'Hard work never killed anyone,' and other dad lessons for missionary life

My parents were in their mid-40s when I was born. I think they’d watched others raise children and decided to be a lot more laid back. I benefited! Here are some of my father’s favorite adages that have helped me in global ministry.

1. Change will happen. Be ready. Embrace it.

Dad was a change agent. He lived through two world wars – too young to fight in one, too old for the other, but he knew change was inevitable. He observed seismic global change and adapted to it both as a pastor and an educator. He saw theological trends come and go, and was always ready for a good discussion on points of contention. “Let’s look at it from another angle,” he’d say. This has helped me move from country to country, ministry to ministry, without holding tight to the past.

2. Being a girl doesn’t mean you are fragile.

I was tall like my dad, so he’d say, “Pick up the other end of that piano and help me move it.” My brother and I got equal chores, not separate, gender-specific jobs. He’s a great cook and I like mowing the yard. Living around the globe is hard work and entails a lot of back-breaking physical labor. I never expected my husband could do all the work; we worked together. My Asian neighbors were often surprised to see us doing our own work, but it demonstrated that even as “wealthy” foreigners, we weren’t above a hard day’s labor. Yes, we hired local workers when culturally appropriate, but I would hear my dad’s words echo in my mind, “Hard work never killed anyone.”

3. Take risks.

Isn’t this why God gave us fathers? Dad often took me to different subway stops in the big city where he taught. He’d help me get on the subway and tell me to get off at the railroad station, buy a ticket, and ride home to our suburban town. “Don’t tell your mom, though, because she’d be horrified.” I realize it was a kinder world, but these experiences not only helped me have no fear of navigating public transportation in huge Asian cities, but also helped me let go of my own kids, allowing them to travel around cities and across the world.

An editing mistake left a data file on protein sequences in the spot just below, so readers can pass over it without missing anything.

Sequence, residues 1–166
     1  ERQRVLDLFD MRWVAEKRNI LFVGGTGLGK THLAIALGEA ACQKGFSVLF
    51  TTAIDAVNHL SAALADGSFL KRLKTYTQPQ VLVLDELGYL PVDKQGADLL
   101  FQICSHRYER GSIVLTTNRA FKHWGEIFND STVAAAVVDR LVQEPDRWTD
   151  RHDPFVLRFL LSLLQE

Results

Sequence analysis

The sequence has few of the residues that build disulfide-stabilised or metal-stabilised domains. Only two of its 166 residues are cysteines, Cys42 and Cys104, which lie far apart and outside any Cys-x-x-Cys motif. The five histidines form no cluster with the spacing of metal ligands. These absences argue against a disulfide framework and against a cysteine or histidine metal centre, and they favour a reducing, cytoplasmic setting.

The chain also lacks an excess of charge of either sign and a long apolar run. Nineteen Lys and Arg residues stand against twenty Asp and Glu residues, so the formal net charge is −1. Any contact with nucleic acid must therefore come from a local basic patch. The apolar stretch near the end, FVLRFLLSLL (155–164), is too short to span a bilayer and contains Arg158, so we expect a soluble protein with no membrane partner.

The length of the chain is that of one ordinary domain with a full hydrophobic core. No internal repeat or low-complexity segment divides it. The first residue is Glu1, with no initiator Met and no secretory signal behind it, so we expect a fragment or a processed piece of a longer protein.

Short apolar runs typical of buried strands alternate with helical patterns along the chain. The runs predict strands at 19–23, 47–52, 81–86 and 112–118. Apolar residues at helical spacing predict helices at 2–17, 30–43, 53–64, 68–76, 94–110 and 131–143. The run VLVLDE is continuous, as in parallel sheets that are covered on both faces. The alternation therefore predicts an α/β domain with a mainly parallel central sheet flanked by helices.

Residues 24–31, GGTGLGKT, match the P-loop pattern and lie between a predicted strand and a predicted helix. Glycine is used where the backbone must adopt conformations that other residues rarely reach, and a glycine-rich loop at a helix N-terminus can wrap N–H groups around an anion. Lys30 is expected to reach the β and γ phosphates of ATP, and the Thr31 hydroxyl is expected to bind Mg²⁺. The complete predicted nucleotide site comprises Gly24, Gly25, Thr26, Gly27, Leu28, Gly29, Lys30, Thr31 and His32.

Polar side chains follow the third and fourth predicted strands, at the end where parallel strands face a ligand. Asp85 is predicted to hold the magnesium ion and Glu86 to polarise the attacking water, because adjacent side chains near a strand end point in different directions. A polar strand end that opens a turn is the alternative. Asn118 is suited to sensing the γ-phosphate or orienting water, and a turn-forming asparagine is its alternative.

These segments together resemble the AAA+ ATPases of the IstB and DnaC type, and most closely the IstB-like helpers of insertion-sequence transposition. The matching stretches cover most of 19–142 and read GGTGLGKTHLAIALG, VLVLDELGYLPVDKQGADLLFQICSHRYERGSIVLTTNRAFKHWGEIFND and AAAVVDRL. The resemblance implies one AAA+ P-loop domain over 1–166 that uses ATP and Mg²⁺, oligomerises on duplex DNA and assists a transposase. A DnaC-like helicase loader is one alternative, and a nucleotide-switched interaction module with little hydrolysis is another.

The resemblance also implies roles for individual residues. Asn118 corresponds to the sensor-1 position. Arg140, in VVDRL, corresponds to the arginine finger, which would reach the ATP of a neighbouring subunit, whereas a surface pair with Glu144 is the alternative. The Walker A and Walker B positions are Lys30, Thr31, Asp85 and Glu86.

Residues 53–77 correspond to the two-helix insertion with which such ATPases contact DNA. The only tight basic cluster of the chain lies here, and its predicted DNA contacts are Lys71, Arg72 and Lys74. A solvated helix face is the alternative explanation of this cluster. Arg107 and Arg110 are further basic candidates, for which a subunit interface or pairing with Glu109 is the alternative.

4. Don’t be impressed with yourself.

My dad was a Bible teacher who spoke all over the country, but he was never impressed with himself, or for that matter, anyone else in positions of prominence. One neighbor friend said to me, “Does your dad have a doctorate?” I said he did, and she said, “Funny, I always think of him as the guy who takes the trash out in his fuzzy yellow bathrobe.” Whenever I’ve been tempted to think more highly of myself than I ought for this or that honor, I am reminded that I too am just the person who takes out the trash.

5. Gifts of the spirit are not distributed according to gender.

This might be the most important thing my father ever taught me. He fully believed in being culturally appropriate in the exercise of spiritual gifts, but he believed that if God gifted you in something, you were expected to find ways to exercise this gift. This prepared me to work closely with Chinese women and pastors. I have no desire to pastor in my own culture, but have heard many powerful messages in a Chinese church delivered by a woman. In global ministry I’ve never been tempted to think, “Well, that’s something only the men should do – or vice versa, that only the women should do.”

Each Father’s Day, and in fact many days of the year, I think of my dad. I was a young mom when he died, and I wish my daughters could have had more time with him and being encouraged by him.

This original article can be found on SEND International

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